Since the liberation, the only parliament in France had been an enlarged version of the Algiers Provisional Consultative Assembly, and at last, in October 1945, elections were held for a new Constituent Assembly whose main task was to provide a new constitution for the Fourth Republic. De Gaulle favoured a strong executive for the nation, but all three of the main parties wished to severely restrict the powers of the president. The Communists wanted an assembly with full constitutional powers and no time limit, whereas de Gaulle, the Socialists and the Popular Republican Movement (MRP) advocated one with a term limited to only seven months, after which the draft constitution would be submitted for another referendum.

On 13 November 1945, the new assembly unanimously elected Charles de Gaulle head of the government, but problems immediately arose when it came to selecting the cabinet, due to his unwillingness to allow the Communists any important ministries. The Communists, now the largest party and with their charismatic leader Maurice Thorez back at the helm, were not prepared to accept this for a second time, and a furious row ensued, during which de Gaulle sent a letter of resignation to the speaker of the Assembly and declared that he was unwilling to trust a party that he considered to be an agent of a foreign power (Russia) with authority over the police and armed forces.

Eventually, the new cabinet was finalised on 21 November, with the Communists receiving five out of the twenty-two ministries, and although they still did not get any key portfolios, de Gaulle believed that the draft constitution placed too much power in the hands of parliament with its shifting party alliances. One of his ministers said he was "a man equally incapable of monopolizing power as of sharing it".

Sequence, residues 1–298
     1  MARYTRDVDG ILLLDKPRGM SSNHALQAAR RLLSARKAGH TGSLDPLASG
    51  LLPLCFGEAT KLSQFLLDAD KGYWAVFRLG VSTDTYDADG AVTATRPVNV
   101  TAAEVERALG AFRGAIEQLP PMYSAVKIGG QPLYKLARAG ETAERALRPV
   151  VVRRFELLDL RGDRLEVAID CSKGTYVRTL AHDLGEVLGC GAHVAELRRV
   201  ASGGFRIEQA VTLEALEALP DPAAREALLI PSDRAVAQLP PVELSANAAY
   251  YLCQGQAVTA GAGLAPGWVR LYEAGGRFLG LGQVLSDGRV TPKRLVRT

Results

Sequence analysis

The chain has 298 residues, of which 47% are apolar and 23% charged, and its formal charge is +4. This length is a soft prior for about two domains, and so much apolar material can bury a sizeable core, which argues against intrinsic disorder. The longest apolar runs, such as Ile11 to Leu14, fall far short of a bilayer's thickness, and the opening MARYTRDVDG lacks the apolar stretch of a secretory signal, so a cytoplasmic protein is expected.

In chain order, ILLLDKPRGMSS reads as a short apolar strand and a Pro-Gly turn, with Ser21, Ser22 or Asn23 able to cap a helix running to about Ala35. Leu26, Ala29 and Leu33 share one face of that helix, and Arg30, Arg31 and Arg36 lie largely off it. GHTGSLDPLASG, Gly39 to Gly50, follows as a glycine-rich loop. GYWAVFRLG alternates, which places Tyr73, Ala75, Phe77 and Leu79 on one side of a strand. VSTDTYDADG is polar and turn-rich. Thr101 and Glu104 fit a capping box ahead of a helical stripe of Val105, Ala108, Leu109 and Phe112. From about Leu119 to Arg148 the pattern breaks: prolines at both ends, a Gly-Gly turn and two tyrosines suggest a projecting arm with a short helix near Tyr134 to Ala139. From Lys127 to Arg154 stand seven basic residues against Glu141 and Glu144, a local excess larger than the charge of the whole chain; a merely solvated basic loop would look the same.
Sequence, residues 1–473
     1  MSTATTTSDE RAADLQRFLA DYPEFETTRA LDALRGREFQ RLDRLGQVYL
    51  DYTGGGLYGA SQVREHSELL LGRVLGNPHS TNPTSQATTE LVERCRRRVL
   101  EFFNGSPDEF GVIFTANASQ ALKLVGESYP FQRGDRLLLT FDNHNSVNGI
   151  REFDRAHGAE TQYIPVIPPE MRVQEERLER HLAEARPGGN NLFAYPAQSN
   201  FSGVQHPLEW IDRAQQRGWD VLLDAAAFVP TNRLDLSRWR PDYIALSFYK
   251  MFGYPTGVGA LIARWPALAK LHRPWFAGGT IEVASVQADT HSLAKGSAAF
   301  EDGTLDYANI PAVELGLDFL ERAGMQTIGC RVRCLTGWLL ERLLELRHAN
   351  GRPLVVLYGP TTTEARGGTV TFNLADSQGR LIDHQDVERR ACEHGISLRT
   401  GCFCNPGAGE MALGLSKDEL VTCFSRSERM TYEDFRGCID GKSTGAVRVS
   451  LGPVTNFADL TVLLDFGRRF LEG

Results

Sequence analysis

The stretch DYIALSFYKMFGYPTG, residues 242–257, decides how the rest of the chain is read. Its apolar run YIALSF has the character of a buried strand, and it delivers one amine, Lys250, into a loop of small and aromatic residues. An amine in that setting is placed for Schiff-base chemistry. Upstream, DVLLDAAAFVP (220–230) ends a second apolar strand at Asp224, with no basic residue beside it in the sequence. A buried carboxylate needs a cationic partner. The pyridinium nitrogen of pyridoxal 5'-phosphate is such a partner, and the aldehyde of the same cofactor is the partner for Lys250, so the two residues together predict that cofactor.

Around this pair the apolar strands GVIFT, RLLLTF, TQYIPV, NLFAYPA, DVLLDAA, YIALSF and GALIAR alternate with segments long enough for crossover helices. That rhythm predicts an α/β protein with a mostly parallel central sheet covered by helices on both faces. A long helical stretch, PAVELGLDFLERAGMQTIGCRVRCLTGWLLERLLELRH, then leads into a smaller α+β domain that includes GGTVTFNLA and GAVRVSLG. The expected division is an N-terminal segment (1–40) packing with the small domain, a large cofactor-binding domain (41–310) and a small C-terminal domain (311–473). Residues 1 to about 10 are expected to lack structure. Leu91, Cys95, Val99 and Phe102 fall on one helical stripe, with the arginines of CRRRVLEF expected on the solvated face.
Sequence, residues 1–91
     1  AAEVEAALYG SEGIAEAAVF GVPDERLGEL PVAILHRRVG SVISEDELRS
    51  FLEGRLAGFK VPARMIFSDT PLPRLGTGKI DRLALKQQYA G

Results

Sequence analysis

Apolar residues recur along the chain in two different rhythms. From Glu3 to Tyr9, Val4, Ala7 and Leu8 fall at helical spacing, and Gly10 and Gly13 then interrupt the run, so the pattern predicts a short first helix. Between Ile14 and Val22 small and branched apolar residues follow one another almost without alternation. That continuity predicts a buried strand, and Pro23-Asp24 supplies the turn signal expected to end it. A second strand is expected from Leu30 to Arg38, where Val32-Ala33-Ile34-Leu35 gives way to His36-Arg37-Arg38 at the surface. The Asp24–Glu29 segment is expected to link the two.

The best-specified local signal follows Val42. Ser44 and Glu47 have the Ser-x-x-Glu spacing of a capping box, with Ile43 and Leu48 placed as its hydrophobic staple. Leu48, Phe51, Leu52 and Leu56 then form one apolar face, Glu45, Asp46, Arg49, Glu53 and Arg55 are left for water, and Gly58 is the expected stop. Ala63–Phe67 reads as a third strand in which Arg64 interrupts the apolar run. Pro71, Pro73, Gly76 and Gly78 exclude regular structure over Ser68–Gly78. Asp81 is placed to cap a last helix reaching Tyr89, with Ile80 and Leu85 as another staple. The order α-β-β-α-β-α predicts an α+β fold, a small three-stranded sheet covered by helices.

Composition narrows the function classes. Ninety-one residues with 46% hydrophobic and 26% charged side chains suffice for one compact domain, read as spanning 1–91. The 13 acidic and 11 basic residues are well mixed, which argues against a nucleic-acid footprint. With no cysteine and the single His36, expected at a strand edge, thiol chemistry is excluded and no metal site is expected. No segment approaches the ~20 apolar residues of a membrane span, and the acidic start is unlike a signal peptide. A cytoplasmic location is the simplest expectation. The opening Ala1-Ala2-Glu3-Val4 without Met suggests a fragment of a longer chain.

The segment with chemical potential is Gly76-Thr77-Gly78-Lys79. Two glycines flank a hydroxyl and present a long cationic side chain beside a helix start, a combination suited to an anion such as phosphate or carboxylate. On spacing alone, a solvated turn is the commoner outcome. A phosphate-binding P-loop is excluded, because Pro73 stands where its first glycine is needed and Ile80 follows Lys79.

De Gaulle outlined a programme of further nationalisations and a new economic plan which were passed, but a further row came when the Communists demanded a 20-percent reduction in the military budget. Refusing to "rule by compromise", de Gaulle once more threatened to resign. There was a general feeling that he was trying to blackmail the assembly into complete subservience. Although the MRP managed to broker a compromise which saw the budget approved with amendments, it was a stop-gap measure.

Barely two months after forming the new government, de Gaulle abruptly resigned on 20 January 1946. The move was called "a bold and ultimately foolish political ploy", with de Gaulle hoping that as a war hero, he would be soon brought back as a more powerful executive by the French people. However, that did not turn out to be the case. With the war finally over, the initial crisis had passed. Although there were still shortages, particularly of bread, France was now recovering, and de Gaulle suddenly did not seem so indispensable. The Communist publication Combat wrote, "There was no cataclysm, and the empty plate didn't crack".

De Gaulle suddenly dropped out of sight and returned to his home in Colombey to write his war memoirs. De Gaulle had told Pierre Bertaux in 1944 that he planned to retire because "France may still one day need an image that is pure ... If Joan of Arc had married, she would no longer have been Joan of Arc". The famous opening paragraph of Mémoires de guerre begins by declaring, "All my life, I have had a certain idea of France (une certaine idée de la France)",: 2  and ends by declaring that, given the divisive nature of French politics, France cannot truly live up to this ideal without a policy of "grandeur". During this period of formal retirement, however, de Gaulle maintained regular contact with past political lieutenants, including sympathizers involved in political developments in French Algeria, becoming "perhaps the best-informed man in France".